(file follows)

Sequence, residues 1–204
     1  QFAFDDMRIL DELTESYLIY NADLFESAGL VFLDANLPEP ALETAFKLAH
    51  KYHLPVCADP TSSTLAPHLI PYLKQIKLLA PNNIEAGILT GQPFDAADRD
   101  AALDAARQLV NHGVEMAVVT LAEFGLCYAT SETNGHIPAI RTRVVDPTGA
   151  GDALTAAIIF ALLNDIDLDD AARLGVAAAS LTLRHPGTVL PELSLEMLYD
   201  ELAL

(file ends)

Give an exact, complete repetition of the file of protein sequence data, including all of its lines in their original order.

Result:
Sequence, residues 1–204
     1  QFAFDDMRIL DELTESYLIY NADLFESAGL VFLDANLPEP ALETAFKLAH
    51  KYHLPVCADP TSSTLAPHLI PYLKQIKLLA PNNIEAGILT GQPFDAADRD
   101  AALDAARQLV NHGVEMAVVT LAEFGLCYAT SETNGHIPAI RTRVVDPTGA
   151  GDALTAAIIF ALLNDIDLDD AARLGVAAAS LTLRHPGTVL PELSLEMLYD
   201  ELAL